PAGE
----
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Belmont Report -ME

Terms in this set (115)

1. The World Medical Association (WMA) Declaration of Helsinki a statement of ethical principles for medical research involving human subjects, including research on identifiable human material and data.

2. Although the Declaration is addressed primarily to physicians, the WMA encourages other participants in medical research involving human subjects to adopt these principles.

3. It is the duty of the physician to promote and safeguard the health of patients, including those who are involved in medical research. The physician's knowledge and conscience are dedicated to the fulfilment of this duty.

4. The Declaration of Geneva of the WMA binds the physician with the words, "The health of my patient will be my first consideration," and the International Code of Medical Ethics declares that, "A physician shall act in the patient's best interest when providing medical care."

5. Medical progress is based on research that ultimately must include studies involving human subjects. Populations that are underrepresented in medical research should be provided appropriate access to participation in research.

6. In medical research involving human subjects, the well-being of the individual research subject must take precedence over all other interests.

7. The primary purpose of medical research involving human subjects is to understand the causes, development and effects of diseases and improve preventive, diagnostic and therapeutic interventions (methods, procedures and treatments). Even the best current interventions must be evaluated continually through research for their safety, effectiveness, efficiency, accessibility and quality.

8. In medical practice and in medical research, most interventions involve risks and burdens.

9. Medical research is subject to ethical standards that promote respect for all human subjects and protect their health and rights. Some research populations are particularly vulnerable and need special protection. These include those who cannot give or refuse consent for themselves and those who may be vulnerable to coercion or undue influence.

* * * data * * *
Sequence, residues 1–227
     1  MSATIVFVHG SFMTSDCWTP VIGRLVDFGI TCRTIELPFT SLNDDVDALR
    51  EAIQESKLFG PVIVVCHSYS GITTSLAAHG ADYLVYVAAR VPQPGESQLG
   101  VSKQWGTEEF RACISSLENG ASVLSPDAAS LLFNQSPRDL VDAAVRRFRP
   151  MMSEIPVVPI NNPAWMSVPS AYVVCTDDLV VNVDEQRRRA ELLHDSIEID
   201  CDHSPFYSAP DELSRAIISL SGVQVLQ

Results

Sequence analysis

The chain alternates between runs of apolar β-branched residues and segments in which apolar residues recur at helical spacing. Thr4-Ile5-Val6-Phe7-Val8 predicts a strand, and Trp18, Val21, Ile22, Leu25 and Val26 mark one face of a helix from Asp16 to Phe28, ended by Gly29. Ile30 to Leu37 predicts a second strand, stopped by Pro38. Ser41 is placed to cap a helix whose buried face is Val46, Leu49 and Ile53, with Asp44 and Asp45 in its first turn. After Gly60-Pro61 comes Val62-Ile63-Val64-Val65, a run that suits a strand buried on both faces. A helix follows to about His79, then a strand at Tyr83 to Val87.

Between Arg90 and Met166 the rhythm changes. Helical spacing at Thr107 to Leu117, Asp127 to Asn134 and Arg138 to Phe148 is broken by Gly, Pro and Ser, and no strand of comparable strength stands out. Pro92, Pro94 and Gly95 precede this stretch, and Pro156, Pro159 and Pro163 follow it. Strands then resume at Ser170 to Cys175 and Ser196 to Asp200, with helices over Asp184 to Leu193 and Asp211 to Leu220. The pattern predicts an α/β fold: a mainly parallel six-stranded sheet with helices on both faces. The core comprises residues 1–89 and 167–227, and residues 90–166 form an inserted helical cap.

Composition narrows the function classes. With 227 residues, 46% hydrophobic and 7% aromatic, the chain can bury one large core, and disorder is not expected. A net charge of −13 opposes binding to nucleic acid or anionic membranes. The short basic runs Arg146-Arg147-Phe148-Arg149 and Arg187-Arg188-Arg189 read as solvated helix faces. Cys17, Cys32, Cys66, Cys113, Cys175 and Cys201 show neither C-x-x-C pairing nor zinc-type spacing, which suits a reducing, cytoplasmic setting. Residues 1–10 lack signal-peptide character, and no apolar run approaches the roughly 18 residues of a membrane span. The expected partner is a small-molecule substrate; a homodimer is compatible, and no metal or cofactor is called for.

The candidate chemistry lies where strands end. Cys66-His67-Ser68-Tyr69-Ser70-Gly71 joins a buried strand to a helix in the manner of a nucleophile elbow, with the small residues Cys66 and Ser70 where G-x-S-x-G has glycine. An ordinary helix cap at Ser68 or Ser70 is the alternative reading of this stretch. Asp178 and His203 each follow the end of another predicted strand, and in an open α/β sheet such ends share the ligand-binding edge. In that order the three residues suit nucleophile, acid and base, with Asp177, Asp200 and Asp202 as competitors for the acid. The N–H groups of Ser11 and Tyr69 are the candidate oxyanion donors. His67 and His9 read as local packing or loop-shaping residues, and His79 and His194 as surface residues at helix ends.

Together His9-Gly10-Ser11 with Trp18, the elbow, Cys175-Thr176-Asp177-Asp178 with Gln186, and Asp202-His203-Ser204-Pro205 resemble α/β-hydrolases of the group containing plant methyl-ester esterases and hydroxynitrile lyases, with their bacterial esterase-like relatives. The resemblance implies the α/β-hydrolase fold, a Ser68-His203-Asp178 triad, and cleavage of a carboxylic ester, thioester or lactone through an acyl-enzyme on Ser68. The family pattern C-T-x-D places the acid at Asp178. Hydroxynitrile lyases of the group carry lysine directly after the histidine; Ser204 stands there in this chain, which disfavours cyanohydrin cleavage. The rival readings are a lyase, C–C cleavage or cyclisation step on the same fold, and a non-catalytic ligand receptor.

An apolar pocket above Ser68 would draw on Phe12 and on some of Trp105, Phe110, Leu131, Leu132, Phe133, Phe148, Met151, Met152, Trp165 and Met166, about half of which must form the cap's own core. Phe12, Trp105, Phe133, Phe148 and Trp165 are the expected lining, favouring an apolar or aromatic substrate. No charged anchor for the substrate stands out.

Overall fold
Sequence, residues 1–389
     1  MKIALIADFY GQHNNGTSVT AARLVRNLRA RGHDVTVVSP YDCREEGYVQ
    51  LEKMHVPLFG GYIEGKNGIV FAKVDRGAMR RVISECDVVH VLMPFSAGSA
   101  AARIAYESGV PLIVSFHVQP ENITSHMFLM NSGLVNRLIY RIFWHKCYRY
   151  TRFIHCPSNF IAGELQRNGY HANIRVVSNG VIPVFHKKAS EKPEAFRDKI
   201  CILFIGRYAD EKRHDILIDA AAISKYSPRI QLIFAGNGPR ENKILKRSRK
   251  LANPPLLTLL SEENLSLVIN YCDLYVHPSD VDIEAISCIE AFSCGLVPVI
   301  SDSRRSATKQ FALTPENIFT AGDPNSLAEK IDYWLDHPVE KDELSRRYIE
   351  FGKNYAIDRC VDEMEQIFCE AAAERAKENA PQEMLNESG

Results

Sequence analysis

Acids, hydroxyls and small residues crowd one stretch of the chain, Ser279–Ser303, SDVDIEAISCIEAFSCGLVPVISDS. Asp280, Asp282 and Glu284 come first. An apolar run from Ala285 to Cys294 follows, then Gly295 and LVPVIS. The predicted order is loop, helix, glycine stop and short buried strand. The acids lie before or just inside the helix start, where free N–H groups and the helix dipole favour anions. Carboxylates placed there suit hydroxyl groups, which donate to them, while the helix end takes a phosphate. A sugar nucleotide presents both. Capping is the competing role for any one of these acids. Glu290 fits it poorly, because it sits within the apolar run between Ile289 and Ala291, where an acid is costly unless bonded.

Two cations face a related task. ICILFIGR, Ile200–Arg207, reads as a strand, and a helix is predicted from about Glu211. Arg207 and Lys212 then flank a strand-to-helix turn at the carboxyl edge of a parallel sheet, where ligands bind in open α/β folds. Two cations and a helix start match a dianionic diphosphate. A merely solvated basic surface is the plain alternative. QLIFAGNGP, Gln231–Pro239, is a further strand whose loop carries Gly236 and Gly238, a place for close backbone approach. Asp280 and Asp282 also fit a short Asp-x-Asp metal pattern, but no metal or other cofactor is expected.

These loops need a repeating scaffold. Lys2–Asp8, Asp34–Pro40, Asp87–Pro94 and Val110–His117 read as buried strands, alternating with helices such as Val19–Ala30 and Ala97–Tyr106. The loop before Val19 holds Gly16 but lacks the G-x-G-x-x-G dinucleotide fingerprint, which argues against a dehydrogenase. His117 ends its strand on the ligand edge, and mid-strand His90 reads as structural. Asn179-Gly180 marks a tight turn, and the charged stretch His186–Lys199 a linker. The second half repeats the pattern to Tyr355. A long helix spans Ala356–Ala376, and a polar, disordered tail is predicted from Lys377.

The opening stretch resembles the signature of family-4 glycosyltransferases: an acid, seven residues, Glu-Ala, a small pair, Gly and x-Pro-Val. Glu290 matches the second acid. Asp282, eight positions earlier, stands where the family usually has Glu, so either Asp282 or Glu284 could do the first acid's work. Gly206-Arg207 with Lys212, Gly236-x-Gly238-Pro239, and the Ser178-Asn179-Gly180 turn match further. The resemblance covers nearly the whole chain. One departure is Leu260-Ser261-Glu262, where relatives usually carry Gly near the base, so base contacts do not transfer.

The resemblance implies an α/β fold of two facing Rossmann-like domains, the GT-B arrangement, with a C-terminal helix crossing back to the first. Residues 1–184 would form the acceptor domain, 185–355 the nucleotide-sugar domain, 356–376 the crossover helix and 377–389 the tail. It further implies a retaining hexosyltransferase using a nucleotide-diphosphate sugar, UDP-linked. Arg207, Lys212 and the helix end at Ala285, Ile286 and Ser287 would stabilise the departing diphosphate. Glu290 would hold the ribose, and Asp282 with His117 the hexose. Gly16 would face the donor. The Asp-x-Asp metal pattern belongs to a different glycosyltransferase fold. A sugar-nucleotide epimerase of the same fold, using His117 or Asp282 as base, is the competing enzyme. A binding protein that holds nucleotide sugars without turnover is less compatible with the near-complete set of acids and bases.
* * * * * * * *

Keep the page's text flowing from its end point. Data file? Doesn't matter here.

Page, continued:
10. Physicians should consider the ethical, legal and regulatory norms and standards for research involving human subjects in their own countries as well as applicable international norms and standards. No national or international ethical, legal or regulatory requirement should reduce or eliminate any of the protections for research subjects set forth in this Declaration.
Research conducted in established or commonly accepted educational settings, involving normal educational practices, such as (a) research on regular and special education instructional strategies or (b) research on the effectiveness of or the comparison among instructional techniques, curricula or classroom management methods.
2. Research involving the use of educational tests (cognitive, diagnostic, aptitude, achievement), survey procedures, interview procedures or observation of public behavior, unless: a. information obtained is recorded in such a manner that subjects can be identified, directly or
through identifiers linked to the subjects and b. any disclosure of the human subjects' responses outside the research could reasonably place the
subjects at risk of criminal or civil liability or be damaging to the subjects' financial standing, employability or reputation.
3. Research involving the use of educational tests (cognitive, diagnostic, aptitude, achievement), survey procedures, interview procedures or observation of public behavior that is not exempt under paragraph # 2 (above) if: a. the human subjects are elected or appointed public officials or candidates for public office, or
b. federal statute(s) require(s) without exception that the confidentiality of the personally identifiable information will be maintained throughout the research and thereafter.
4. Research involving the collection or study of existing data, documents, records, pathological specimens or diagnostic specimens, if these sources are publicly available or the information is recorded by the investigator in such a manner that the subjects cannot be identified directly or through identifiers linked to the subjects.
5. Research and demonstration projects which are conducted by or subject to the approval of (federal) department or agency heads and which are designed to study, evaluate or otherwise examine: (a) public benefit or service programs, (b) procedures for obtaining benefits or services under those programs, (c) possible changes in or alternatives to those programs or procedures or (d) possible changes in methods or levels of payment for benefits or services under those programs.
6. Taste and food quality evaluation and consumer acceptance studies, if: a. wholesome foods without additives are consumed or b. if a food is consumed that contains a food ingredient at or below the level and for a use found to be safe, or agricultural chemical or environmental contaminant at or below the level found to be safe, by the FDA or approved by the EPA or the Food Safety and Inspection Service of the U. S. D. A.
An expedited review procedure consists of a review of research involving human subjects by the IRB chairperson or by one or more experienced reviewers designated by the chairperson from among members of the IRB in accordance with the requirements set forth in Expedited Research Categories
Research categories that may be reviewed using expedited review procedures by the University of Tennessee at Martin Institutional Review Board (IRB) match federal guidelines and include:


Category G: Clinical studies of drugs and medical devices only when condition